This type of bloom also occurred in the Atlantic Ocean in 2015. The conclusion was that the presence of an oceanic coccolithophore bloom is a canary in the coal mine for accelerated climate change.
The canary is singing loudly here on the Sunshine Coast. It doesn’t matter where you go on the coast, the bloom is visible everywhere because we’re surrounded by ocean. It’s still happening as I write this post. Looking out my front window I wonder if I’m at home or in the Caribbean. Sadly though, this dire warning sign doesn’t appear to have impacted people on the Coast. As the canary screams her loud and ignored song, business carries on as usual. Other than the good company of Deb who is always willing to explore all of her feelings and listen deeply to her internal cues I feel very alone. It leaves me with a terrible homesick feeling even though I am at home.
Scientists tell us that coccolithophores are safe. In fact I read one report from our local expert that said not only where they safe to swim in, their chalky exoskeletons would leave our skin feeling nice and soft and we may come out of the water feeling younger than ever.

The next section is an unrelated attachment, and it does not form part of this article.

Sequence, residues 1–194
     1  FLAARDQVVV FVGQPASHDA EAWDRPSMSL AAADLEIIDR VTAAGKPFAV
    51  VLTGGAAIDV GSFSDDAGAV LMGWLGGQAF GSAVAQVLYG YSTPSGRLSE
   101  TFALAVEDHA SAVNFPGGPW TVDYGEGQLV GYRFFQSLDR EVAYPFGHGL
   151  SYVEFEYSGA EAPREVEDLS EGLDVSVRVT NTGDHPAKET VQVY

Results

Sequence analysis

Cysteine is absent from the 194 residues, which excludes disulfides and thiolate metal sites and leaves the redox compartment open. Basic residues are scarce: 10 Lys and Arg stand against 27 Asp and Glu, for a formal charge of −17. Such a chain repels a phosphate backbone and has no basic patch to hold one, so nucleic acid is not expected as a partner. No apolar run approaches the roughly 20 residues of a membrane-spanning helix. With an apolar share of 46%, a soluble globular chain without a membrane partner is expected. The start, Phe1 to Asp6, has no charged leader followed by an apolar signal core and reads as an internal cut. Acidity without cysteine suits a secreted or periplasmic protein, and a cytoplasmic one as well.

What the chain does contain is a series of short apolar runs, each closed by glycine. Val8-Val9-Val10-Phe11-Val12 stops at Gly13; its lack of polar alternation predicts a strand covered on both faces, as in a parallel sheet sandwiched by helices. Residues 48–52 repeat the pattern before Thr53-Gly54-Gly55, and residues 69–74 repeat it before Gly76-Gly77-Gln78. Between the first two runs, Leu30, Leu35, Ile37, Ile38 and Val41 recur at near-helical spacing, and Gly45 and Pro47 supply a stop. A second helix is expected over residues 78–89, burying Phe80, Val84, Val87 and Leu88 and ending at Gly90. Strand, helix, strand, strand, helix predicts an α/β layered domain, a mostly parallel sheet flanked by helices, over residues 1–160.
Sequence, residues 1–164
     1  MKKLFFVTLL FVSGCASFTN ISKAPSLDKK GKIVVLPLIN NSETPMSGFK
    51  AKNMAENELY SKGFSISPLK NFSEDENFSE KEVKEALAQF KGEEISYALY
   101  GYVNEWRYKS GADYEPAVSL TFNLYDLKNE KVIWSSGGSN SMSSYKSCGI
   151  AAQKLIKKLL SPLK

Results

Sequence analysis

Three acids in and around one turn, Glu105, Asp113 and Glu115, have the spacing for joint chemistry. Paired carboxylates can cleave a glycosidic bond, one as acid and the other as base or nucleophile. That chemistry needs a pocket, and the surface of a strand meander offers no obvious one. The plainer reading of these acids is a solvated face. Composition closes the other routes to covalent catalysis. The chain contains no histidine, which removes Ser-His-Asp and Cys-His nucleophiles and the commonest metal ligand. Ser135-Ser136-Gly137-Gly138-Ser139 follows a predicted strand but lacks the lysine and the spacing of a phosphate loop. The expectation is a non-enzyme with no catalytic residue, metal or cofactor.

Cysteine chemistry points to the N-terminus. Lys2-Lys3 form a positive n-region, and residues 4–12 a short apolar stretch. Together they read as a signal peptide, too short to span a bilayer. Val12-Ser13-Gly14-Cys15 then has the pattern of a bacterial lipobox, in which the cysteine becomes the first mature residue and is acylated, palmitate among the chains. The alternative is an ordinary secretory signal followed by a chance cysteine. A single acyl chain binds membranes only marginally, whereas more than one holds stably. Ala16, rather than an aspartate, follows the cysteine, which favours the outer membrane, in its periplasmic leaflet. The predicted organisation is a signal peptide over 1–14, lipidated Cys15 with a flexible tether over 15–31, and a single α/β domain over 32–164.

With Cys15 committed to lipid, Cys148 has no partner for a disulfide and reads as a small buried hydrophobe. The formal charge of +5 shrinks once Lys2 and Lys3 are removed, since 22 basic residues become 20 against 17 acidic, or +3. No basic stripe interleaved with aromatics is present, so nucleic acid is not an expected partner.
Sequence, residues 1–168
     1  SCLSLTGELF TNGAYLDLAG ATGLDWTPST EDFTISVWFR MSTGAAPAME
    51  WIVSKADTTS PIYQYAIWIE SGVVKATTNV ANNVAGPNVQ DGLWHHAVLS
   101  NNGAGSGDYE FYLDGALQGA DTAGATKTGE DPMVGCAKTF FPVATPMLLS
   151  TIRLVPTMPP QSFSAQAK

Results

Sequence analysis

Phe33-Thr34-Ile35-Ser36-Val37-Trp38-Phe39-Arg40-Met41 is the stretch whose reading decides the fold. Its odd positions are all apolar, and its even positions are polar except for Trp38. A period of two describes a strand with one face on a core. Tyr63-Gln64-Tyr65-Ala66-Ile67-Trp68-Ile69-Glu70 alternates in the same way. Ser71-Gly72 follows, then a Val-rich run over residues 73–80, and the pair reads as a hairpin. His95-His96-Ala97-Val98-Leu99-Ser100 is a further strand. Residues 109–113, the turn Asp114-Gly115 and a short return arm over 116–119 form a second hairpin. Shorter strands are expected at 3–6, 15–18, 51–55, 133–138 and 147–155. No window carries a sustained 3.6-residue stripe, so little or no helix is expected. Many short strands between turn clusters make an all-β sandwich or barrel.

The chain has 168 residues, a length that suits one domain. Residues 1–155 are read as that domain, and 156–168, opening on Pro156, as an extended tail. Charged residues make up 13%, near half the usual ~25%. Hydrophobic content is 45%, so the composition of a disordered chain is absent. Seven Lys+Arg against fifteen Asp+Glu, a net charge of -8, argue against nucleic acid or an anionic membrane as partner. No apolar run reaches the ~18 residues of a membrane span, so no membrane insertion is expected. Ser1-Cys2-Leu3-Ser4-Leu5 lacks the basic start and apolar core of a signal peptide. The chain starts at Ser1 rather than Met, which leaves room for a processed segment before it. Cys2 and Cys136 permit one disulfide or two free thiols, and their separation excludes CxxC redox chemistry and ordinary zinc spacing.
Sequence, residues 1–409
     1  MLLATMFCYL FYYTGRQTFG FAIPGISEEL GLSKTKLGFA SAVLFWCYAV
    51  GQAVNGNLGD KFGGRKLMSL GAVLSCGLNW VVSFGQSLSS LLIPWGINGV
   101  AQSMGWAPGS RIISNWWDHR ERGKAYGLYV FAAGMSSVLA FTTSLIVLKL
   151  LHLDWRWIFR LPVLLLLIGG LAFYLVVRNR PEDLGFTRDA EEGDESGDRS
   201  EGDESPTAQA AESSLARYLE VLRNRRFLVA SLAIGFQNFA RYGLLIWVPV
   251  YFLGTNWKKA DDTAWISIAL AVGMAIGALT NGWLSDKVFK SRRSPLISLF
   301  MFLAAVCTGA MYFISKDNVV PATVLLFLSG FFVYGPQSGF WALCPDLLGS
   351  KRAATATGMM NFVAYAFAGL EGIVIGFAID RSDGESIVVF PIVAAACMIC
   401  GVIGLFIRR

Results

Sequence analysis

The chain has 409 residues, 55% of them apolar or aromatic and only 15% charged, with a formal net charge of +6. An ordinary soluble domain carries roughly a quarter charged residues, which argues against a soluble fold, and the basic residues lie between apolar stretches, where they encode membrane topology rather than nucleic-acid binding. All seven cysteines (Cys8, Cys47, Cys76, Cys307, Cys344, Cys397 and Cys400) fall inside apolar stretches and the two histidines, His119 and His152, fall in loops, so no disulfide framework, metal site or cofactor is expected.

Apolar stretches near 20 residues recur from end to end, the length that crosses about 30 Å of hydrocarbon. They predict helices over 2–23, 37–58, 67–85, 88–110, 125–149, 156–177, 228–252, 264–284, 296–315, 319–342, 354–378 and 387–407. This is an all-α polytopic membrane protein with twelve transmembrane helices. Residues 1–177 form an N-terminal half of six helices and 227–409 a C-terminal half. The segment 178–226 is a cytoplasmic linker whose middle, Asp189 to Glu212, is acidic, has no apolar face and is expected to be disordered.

They may call them “safe” but they also know that a dramatic rise in coccolithophores are indicative of a significant climatic shift. They also know that coccolithophores thrive in acidified water with rising carbon dioxide. They also know that coccolithophores increase the ocean albedo effect because the sun’s heat cannot be absorbed (which explains the cold water). In the short term, scientists are also concerned that coccolithophores produce more greenhouse gasses as they release even more CO2 into the atmosphere.
This is safe?
I for one do not feel safe.
What if instead of pretending that collapse is not happening—or worse yet, blindly encouraging it to continue with our unconscious choices—we all just stopped and felt the pulse of the Earth? What if we allowed our grief to rip us open so that we remembered our love for the world? What if we accepted that we are on a runaway train that is picking up speed and no longer has brakes? What if instead of distraction, denial, bargaining and anger we just relished the moments: moments of joy, moments of pain, moments of wonder, of anguish…of everything? What are the possibilities for our lives if we stay present to what is and allow the truth of our experience to lead us rather than pretending that everything is still ok? What if we were present in every moment and we allowed love to lead the way? It may be too late to stop the accelerating momentum of abrupt climate change, but it’s never to late to start loving the Earth. She needs us more than ever now.